We, also, think of Jesus, as the leaders of his day opposed him. As the Son of God, he could easily have defended himself. He could have wiped them out entirely with a single word. However, he didn’t, because he knew that it was all a part of the plan that his Father had laid out for the salvation of all before the world was created. The leaders’ opposition had been prophesied again and again throughout the Old Testament. However, it all had the purpose of saving all people from their sins. It was always the Father’s plan that Jesus would come to this earth to do everything necessary for our salvation. It started with a perfect life lived for us. Jesus stayed the course, even by showing proper respect to the leaders who were opposing him, even when they spoke falsely against him, even when they sought his death. In his love for those who were putting him to death, he even asked that his Father forgive them. Because it was his Father’s will to rescue us from our sins, even though it meant suffering and dying on the cross, he placed himself entirely in his Father’s hands. Even as he died, he said, “Father, into your hands I commit my spirit.” (Luke 23:46) He knew that this trust was not misplaced. He knew that he would rise on the third day in triumph. This all happened so that you and I would be free from our sins and spend our eternity with him in heaven,

May God help us to follow Jeremiah’s example and place ourselves entirely in his hands. The truth of the matter is we will face opposition when we speak God’s Word to others. There will be those who are offended that we call sin “sin.” There will be those who will be offended at the simple gospel message that says that Jesus did everything necessary for our salvation and we contribute absolutely nothing. There will even be those who are offended at any talk about God, because they have convinced themselves that he doesn’t exist. As a result, we may be tempted to keep quiet. After all, who needs the trouble that this might bring?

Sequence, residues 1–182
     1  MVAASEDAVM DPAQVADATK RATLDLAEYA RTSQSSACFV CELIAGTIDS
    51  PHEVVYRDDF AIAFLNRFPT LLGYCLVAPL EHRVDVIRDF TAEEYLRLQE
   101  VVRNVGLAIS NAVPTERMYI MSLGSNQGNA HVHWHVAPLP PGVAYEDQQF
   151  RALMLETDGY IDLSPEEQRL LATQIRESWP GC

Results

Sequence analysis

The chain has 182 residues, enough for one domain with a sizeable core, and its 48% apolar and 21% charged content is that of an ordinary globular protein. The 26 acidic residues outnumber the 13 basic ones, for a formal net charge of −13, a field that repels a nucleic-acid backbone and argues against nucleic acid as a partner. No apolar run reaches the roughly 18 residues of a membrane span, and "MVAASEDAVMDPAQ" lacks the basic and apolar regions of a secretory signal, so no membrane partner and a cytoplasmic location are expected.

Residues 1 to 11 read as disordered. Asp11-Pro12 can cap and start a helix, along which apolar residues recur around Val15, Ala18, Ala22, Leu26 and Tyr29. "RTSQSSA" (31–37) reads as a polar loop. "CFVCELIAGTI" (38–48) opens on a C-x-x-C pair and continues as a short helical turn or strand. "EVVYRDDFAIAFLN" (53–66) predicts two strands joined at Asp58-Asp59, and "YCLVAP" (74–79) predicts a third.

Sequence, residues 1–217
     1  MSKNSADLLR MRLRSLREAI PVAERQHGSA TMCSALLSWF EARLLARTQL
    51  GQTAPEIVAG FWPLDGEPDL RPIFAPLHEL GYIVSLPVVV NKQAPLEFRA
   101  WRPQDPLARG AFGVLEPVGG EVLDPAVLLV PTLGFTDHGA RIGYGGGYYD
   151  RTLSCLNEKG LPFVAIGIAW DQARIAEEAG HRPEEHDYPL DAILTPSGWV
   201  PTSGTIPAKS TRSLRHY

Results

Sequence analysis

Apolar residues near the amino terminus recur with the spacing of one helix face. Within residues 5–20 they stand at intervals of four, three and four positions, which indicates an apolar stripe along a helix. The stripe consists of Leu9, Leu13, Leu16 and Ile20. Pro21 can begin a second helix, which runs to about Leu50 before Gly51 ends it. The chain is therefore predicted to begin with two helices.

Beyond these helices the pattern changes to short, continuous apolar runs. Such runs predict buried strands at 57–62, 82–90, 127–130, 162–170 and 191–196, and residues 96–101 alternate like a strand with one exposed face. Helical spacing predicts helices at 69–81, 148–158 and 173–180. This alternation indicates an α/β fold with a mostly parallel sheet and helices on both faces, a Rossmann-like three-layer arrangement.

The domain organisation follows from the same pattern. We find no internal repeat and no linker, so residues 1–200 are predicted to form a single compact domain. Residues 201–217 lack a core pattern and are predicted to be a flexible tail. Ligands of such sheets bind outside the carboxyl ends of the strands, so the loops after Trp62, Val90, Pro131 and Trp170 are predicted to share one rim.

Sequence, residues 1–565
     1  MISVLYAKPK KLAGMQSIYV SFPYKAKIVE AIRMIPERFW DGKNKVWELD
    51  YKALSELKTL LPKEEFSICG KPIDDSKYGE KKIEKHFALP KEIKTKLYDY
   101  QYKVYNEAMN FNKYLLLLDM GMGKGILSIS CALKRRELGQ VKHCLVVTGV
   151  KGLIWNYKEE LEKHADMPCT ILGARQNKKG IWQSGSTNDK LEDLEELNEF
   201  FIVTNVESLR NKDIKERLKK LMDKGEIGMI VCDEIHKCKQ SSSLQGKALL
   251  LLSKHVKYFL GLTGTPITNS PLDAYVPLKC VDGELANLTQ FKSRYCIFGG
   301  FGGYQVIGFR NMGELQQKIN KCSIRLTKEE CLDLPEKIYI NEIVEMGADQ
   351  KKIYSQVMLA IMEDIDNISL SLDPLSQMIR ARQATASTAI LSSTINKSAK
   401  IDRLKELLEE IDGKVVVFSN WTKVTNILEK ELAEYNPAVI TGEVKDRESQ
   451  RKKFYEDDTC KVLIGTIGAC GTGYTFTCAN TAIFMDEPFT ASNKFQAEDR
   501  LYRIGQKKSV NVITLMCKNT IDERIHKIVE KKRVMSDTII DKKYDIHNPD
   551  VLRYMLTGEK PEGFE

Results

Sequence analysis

Brothers and sisters, when we face the opportunity to tell someone else God’s Word, may we place ourselves entirely in his hands. If we are rejected or attacked in any way, remember it is not us that they are attacking. It is God. We know that ultimately God will be glorified and all human opposition will be destroyed. However, this possible outcome need not dissuade us from continuing to reach out to that individual with God’s Word. God calls upon us to be lights in this dark world. It may even happen that after many rebuffs to the message that we are sharing that that person might be brought to faith. Wouldn’t it be worth all of the difficulties that we went through, if at the end of time that person was side by side with us in heaven. So, as we go forth with the Word of God, we place ourselves entirely in his hands, knowing he is always with us and that his Word will always have the effect that God desires for it.

So, no, you probably will never be like Mike. You will never win six championships. You will never have your own shoe line. That’s OK. After all, it won’t be too many years before people won’t even know whom he was. This morning, we have an example to follow of someone who lived some 2,600 years ago, and people are still talking about him and know whom he was. My dear friends, as we have studied this portion of his prophecy, may God help us to follow the example of his servant, Jeremiah, by faithfully carrying out God’s calling to be his messengers and by willingly placing all things into his hands. May God help us to carry this out for our good and for his glory. Amen.